The College Admissions Scandal: What It Says About Self-Esteem

By General Education Advice

There are many unfortunate truths about the scandal:

(1) Inequality for the wealthy

(2) Some people cheat

(3) Getting jobs/gaining admission is not always a meritocracy

But… is there anyone over 30, who looks at the above as truths that are no more revealing than saying that the Earth has water?

The surprise, in fact, is that such revelations are not prevalent in the US.  My colleagues in other nations will discuss far more overt inequality.  Being born to the “right family” in many parts of the world automatically places you above those who are not.  In America, we have an illusion that this is not true and – I know this will surprise people – but we do a pretty good job of ensuring that hardworking, talented people can have social mobility.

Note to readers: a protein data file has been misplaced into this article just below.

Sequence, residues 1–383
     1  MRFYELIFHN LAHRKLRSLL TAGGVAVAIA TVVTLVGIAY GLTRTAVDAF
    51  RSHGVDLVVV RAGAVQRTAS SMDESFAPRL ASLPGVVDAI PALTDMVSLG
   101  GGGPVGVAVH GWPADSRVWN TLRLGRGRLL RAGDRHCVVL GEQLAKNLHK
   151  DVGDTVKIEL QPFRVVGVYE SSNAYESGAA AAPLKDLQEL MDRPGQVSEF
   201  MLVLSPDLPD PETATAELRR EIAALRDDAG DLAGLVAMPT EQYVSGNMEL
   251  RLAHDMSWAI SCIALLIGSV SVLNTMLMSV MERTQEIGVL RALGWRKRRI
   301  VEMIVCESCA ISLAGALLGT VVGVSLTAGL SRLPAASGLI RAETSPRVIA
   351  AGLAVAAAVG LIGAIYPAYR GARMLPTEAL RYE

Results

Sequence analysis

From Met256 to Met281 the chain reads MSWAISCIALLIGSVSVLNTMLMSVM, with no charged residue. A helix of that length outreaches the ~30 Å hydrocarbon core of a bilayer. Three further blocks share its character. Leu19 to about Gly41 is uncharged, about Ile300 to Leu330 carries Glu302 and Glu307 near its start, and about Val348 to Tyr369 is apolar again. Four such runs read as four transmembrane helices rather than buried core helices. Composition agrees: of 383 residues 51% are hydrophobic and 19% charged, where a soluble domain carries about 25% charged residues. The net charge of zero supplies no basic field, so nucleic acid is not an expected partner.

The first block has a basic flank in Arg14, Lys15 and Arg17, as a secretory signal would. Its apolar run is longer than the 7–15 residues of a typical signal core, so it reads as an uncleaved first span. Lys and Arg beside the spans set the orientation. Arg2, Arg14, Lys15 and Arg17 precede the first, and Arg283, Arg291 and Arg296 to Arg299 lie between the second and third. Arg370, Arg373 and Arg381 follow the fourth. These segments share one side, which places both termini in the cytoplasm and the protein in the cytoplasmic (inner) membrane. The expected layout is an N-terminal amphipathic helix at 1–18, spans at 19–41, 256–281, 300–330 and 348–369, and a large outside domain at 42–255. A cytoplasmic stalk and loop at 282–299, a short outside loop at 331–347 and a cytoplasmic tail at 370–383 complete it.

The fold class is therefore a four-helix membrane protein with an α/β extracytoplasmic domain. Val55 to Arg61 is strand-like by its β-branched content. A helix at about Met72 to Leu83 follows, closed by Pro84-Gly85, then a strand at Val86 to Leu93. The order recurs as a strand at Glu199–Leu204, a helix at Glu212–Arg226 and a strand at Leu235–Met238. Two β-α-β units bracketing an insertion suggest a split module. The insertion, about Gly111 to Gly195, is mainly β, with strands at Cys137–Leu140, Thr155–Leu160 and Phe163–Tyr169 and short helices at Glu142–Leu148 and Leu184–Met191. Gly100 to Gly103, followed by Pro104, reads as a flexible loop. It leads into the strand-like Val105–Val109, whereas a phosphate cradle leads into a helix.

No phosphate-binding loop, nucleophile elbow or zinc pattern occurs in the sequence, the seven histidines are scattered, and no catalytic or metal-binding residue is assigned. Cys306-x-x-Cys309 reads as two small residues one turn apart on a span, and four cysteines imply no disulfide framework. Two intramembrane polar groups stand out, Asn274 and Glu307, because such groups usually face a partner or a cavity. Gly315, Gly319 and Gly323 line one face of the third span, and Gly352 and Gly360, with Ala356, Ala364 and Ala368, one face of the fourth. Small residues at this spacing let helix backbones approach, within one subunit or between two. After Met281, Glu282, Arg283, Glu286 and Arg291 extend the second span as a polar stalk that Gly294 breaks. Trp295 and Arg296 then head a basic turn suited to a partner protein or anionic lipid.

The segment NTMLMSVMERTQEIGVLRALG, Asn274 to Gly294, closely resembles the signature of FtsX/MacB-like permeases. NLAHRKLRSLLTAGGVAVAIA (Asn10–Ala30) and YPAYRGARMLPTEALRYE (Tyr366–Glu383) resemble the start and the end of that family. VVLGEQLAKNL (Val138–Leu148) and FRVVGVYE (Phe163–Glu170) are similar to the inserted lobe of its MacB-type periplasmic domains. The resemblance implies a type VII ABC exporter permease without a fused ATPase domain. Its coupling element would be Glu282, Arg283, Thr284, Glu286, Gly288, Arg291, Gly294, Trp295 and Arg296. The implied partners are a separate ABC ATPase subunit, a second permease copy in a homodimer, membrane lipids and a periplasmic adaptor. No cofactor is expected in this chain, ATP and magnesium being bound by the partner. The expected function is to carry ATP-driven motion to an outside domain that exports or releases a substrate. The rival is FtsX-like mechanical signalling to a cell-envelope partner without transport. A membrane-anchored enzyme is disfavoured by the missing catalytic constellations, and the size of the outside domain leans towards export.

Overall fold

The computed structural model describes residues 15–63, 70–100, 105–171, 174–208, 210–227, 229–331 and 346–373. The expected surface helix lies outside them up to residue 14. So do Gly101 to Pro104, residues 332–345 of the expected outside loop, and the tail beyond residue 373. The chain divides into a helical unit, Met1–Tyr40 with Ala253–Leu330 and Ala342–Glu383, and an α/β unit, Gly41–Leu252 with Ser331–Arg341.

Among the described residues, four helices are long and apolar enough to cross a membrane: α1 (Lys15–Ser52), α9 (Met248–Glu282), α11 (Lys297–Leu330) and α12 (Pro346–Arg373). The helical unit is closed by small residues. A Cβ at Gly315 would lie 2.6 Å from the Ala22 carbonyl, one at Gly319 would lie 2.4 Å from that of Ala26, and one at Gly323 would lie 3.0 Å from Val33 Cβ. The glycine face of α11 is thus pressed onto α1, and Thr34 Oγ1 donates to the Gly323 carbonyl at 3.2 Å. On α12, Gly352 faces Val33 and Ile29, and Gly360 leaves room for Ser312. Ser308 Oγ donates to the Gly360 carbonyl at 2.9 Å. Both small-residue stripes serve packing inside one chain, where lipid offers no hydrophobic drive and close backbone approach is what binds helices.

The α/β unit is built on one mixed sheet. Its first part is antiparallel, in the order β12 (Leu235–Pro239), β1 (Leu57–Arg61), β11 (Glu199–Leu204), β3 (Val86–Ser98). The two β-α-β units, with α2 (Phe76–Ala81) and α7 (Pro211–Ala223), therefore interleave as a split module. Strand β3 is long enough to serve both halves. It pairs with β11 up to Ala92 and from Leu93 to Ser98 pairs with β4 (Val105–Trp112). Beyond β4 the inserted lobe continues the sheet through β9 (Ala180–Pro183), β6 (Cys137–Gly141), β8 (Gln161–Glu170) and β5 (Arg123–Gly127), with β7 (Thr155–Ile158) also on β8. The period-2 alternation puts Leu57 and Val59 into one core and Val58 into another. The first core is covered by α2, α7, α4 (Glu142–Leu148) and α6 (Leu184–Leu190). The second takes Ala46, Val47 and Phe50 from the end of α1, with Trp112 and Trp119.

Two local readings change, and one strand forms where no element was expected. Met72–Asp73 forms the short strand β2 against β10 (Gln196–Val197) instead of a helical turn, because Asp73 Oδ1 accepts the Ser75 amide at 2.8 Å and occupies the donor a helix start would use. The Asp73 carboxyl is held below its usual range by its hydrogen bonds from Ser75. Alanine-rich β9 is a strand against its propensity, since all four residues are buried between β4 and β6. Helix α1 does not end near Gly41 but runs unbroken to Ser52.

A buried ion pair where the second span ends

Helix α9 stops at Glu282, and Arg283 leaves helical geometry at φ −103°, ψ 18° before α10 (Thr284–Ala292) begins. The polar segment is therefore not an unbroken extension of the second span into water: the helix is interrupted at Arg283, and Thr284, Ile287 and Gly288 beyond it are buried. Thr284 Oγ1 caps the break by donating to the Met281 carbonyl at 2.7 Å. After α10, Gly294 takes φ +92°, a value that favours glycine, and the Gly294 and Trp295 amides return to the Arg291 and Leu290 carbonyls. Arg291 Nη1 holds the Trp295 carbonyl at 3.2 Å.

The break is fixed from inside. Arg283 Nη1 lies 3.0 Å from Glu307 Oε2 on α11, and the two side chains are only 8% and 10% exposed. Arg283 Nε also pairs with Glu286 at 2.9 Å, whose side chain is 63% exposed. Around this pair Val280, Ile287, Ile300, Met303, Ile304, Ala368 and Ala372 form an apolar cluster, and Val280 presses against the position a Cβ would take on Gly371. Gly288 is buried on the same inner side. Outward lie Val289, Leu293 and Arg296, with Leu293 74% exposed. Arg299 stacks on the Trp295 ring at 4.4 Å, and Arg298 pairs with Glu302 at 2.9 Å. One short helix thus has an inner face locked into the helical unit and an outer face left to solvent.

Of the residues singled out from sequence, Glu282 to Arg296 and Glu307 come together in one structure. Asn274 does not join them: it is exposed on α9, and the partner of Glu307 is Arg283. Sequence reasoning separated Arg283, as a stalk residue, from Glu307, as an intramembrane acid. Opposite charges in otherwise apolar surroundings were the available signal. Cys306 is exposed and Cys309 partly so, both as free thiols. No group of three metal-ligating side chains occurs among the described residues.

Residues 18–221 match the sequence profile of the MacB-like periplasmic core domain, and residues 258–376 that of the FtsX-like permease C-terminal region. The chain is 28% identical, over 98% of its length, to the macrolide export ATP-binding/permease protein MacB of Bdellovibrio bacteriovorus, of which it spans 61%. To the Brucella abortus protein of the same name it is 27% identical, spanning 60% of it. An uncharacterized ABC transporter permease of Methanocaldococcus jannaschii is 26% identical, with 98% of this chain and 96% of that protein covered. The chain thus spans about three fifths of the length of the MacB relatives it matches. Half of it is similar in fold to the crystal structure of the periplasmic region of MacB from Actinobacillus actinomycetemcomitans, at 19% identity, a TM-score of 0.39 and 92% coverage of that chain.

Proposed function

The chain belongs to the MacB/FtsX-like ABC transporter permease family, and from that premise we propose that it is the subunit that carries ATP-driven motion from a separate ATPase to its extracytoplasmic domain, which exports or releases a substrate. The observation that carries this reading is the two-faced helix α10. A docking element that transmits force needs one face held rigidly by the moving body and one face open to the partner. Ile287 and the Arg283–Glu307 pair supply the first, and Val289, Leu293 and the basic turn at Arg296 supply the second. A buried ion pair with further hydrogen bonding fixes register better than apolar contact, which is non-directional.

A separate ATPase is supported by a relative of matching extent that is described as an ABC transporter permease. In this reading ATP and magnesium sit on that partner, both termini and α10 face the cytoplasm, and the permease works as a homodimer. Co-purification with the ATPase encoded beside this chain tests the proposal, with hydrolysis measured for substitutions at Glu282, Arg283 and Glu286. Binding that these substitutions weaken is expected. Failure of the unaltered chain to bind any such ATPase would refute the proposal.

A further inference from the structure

With that large qualifier, let me point to another obvious statement: for many students and parents, college equals personal brand.  Should it be so?  Of course not.  But it is.  For most anyone from our leafy Connecticut suburbs, the single most distinct and common descriptor for an 18-22 year old is where the person goes to college. Think about meeting or introducing anyone in that age range.  Invariably, the person’s college will be part of the discussion.  The person might be a serious musician or rock climber or something else that is far more revealing about his/her personality but you might not know such facts until interacting with the person a second or third or fourth time.

College = Personal Brand.  It is what it is.

Daryl Capuano

CEO, The Learning Consultants and Connecticut’s top private education consultant
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